Sleep Apnea and CRT Upgrading
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|ClinicalTrials.gov Identifier: NCT01970423|
Recruitment Status : Recruiting
First Posted : October 28, 2013
Last Update Posted : March 21, 2018
|Condition or disease||Intervention/treatment||Phase|
|Cardiomyopathy||Device: CRT Device: conventional right ventricular stimulation||Not Applicable|
Within the last decade cardiac resynchronization therapy (CRT) has been proven to be an effective therapy to reduce morbidity and mortality in chronic heart failure patients with wide QRS complex, in particular complete left bundle branch block. New indications have recently been established, including patients with mild symptoms and patients in need of conventional pacing such as high-grade atrioventricular block.
More than half - up to 80% - of patients with heart failure suffer from concomitant sleep apnea (SA), which further worsens symptoms and prognosis. Cardiac resynchronization therapy may ameliorate sleep apnea, but only the central form of sleep apnea (CSA). However, only very small uncontrolled studies with mainly less than 20 patients have been reported so far concerning the interactions between CRT and sleep apnea, and no data are available in patients with conventional right ventricular pacing undergoing upgrading to CRT.
Therefore, we want to perform a study called UPGRADE which is characterized
- being the first randomized study comparing the effects of new-onset cardiac resynchronization therapy on moderate and severe central sleep apnea, defined by an AHI ≥ 15/h as assessed by polysomnography in patients with conventional right ventricular pacing which is known to decrease cardiac function, induce heart failure and atrial fibrillation
- using a new technology called AP Scan® which enables continuous and reliable monitoring of sleep-disordered breathing (SDB); this technology is further validated with polysomnography, the gold standard in the diagnosis and follow-up in patients with sleep apnea
Unfortunately, one third of patients still do not benefit from CRT (so-called non-responders). On the other hand, up to 20% of patients greatly benefit and completely recover in terms of normalization of left ventricular ejection fraction and/or functional capacity (so-called super-responders). Research is urgently needed to decrease the number of non-responders and increase the number of super-responders.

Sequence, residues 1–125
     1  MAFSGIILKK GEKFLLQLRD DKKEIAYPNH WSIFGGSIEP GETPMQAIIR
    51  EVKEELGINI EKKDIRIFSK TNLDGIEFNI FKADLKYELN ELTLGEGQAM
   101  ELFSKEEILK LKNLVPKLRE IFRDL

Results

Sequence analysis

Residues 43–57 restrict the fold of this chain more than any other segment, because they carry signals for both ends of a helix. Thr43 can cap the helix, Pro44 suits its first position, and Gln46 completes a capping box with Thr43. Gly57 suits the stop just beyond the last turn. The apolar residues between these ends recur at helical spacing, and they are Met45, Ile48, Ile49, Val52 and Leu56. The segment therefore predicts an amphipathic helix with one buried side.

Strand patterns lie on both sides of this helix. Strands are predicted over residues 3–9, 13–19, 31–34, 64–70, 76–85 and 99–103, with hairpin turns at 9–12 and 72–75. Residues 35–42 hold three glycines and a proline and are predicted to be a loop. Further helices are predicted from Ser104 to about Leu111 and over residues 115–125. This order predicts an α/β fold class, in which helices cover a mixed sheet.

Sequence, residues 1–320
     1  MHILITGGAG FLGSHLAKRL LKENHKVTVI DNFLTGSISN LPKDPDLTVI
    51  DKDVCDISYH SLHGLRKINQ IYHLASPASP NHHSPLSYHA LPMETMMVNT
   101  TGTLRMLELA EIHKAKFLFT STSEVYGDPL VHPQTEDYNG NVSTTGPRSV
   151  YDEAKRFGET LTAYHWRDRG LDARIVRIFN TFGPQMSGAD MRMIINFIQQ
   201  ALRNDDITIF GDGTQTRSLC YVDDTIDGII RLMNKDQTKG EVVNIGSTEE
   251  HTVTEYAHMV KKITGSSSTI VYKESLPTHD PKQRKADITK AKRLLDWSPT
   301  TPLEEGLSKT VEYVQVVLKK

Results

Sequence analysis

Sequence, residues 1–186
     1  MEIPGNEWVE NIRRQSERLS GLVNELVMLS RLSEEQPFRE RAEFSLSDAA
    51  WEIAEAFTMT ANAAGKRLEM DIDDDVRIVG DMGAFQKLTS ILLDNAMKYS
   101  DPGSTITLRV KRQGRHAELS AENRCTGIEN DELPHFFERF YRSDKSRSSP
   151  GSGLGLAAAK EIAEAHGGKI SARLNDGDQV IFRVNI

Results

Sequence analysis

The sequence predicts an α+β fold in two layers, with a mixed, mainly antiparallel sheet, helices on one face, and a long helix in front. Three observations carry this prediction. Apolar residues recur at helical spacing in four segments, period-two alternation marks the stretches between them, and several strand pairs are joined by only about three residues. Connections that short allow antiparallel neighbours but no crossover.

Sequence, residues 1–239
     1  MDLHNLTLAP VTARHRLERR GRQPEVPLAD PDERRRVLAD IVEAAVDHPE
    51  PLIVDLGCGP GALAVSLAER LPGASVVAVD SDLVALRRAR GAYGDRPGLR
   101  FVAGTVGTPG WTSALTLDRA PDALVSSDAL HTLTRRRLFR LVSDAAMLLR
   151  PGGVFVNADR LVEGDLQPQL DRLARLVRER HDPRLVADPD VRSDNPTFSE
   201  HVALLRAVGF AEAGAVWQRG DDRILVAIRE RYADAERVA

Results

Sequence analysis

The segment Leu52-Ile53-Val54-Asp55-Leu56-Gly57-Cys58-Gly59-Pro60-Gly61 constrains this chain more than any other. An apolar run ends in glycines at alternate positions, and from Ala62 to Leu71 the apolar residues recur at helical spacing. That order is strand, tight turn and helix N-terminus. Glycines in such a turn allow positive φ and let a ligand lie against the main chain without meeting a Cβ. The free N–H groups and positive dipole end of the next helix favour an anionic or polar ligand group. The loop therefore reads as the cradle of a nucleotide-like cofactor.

Patient selection is still based on QRS duration and its morphology. Echocardiography and other imaging techniques for mechanical dyssynchrony assessment have failed to be a useful predictor for adequate patient selection. Therefore, we further want to test whether CRT itself does not only improve concomitant sleep apnea, but also if preexisting sleep apnea predicts the response to CRT in patients with previously conventional right-ventricular pacing undergoing an upgrade to CRT by additional implantation of a left ventricular lead.
|Study Type :||Interventional (Clinical Trial)|
|Estimated Enrollment :||80 participants|
|Intervention Model:||Crossover Assignment|
|Masking:||Double (Participant, Outcomes Assessor)|
|Official Title:||Central Sleep Apnea and New-onset Cardiac Resynchronization in Patients With Conventional Pacemaker or ICD Therapy: a Multicenter, Randomized Clinical Trial|
|Study Start Date :||January 2014|
|Estimated Primary Completion Date :||July 2019|
|Estimated Study Completion Date :||December 2019|
After randomization and polysomnography the CRT will get activated. After 3-5 months cross over to conventional right ventricular stimulation.
The new device is the first CRT-P that relies on a physiological parameter, respiration, to allow the pacemaker to follow the patient's breath and help create an appropriate pacing rate.
Right Ventricular Stimulation
After randomization and polysomnography the conventional right ventricular stimulation will get activated. After 3-5 months cross over to CRT activation.
|Device: conventional right ventricular stimulation|
- Improvement of central sleep apnea [ Time Frame: January 2014 - December 2016 ]
improvement of moderate / severe central sleep apnea (AHI ≥ 15/h) due to new onset CRT as compared to ongoing conventional right ventricular pacing
- reduction of mean RDI (respiratory disturbance index) as assessed by AP Scan® in the first 90-150 days after initiation to CRT as compared to conventional RV pacing
- reduction of AHI (apnea-hypopnea index) as assessed by polysomnography within 90-150 days after initiation to CRT as compared to conventional RV pacing
- Validation of the AP scan by the gold standard polysomnography [ Time Frame: January 2014 - December 2016 ]
- CRT response [ Time Frame: January 2014 - December 2016 ]
secondary endpoints = CRT response according to pre-existing sleep apnea (RDI 0-14/h versus ≥ 15/h)
- improvement of left ventricular ejection fraction and reduction in left ventricular endsystolic volume as assessed by transthoracic echocardiography
- decrease in NTproBNP / BNP plasma concentration
Please refer to this study by its ClinicalTrials.gov identifier (NCT number): NCT01970423
|Contact: Wolfgang Dicht, MDemail@example.com|
|Medical University Innsbruck, Department for Internal Medicine III||Not yet recruiting|
|Innsbruck, Austria, 6020|
|Contact: Wolgang Dichtl, PD Dr. +43-512-504-81388 firstname.lastname@example.org|
|Principal Investigator: Wolfgang Dichtl, MD|
|Medical University Innsbruck, Internal Medicine III (Cardiology & Angiology)||Recruiting|
|Innsbruck, Austria, 6020|
|Contact: Wolfgang Dichtl, MD, PhD 004351250481388 email@example.com|
|Contact: Florian Hintringer, MD 004351250481312 firstname.lastname@example.org|
|Principal Investigator:||Wolfgang Dichtl, MD||Medical University of Innsbruck|